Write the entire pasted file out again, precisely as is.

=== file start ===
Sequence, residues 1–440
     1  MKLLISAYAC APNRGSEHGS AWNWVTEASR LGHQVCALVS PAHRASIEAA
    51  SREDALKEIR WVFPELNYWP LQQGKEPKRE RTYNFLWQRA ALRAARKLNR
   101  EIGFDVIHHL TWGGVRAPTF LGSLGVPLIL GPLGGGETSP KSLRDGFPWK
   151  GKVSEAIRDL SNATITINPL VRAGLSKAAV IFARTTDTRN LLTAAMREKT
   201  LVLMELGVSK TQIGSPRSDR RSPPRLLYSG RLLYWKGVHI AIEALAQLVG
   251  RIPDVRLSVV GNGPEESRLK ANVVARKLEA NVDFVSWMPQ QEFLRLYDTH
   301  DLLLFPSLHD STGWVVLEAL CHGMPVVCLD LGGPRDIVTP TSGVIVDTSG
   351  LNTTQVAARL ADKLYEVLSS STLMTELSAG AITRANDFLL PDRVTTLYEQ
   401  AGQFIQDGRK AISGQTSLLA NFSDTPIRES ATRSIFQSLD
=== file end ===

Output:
Sequence, residues 1–440
     1  MKLLISAYAC APNRGSEHGS AWNWVTEASR LGHQVCALVS PAHRASIEAA
    51  SREDALKEIR WVFPELNYWP LQQGKEPKRE RTYNFLWQRA ALRAARKLNR
   101  EIGFDVIHHL TWGGVRAPTF LGSLGVPLIL GPLGGGETSP KSLRDGFPWK
   151  GKVSEAIRDL SNATITINPL VRAGLSKAAV IFARTTDTRN LLTAAMREKT
   201  LVLMELGVSK TQIGSPRSDR RSPPRLLYSG RLLYWKGVHI AIEALAQLVG
   251  RIPDVRLSVV GNGPEESRLK ANVVARKLEA NVDFVSWMPQ QEFLRLYDTH
   301  DLLLFPSLHD STGWVVLEAL CHGMPVVCLD LGGPRDIVTP TSGVIVDTSG
   351  LNTTQVAARL ADKLYEVLSS STLMTELSAG AITRANDFLL PDRVTTLYEQ
   401  AGQFIQDGRK AISGQTSLLA NFSDTPIRES ATRSIFQSLD